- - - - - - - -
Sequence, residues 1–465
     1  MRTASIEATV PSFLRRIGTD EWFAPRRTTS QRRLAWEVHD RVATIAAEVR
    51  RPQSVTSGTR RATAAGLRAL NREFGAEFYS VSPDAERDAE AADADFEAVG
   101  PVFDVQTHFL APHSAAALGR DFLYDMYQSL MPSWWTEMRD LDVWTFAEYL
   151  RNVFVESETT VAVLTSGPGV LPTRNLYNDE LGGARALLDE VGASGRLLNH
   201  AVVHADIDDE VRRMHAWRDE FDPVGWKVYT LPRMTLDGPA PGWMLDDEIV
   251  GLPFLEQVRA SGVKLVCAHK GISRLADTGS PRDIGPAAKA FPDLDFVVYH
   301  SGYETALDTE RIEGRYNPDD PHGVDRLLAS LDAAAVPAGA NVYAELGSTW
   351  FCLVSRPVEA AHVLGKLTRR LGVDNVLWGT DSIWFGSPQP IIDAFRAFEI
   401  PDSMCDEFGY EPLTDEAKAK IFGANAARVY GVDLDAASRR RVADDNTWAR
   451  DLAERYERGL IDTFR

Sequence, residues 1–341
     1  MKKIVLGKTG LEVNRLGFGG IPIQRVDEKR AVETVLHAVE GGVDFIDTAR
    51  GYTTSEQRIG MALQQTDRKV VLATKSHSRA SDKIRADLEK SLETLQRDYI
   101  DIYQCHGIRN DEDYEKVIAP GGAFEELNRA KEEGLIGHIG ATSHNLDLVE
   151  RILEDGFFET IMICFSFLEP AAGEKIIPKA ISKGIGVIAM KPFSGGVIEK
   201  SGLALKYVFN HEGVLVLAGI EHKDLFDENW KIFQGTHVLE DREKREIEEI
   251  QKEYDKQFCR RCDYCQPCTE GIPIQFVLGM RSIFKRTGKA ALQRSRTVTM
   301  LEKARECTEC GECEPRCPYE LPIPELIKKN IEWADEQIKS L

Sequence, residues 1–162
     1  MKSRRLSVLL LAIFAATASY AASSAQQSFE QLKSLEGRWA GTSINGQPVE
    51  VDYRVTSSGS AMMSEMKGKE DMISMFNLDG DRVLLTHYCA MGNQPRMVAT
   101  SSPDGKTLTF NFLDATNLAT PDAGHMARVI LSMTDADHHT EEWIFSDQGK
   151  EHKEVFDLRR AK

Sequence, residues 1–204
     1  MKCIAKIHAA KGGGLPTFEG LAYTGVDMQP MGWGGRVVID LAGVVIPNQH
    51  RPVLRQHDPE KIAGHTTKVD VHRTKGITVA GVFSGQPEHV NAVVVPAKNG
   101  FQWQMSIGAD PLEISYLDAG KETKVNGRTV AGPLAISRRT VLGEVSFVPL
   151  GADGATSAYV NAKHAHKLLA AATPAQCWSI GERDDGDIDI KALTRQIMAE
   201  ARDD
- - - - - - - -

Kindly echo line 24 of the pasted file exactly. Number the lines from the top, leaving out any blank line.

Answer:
   151  EHKEVFDLRR AK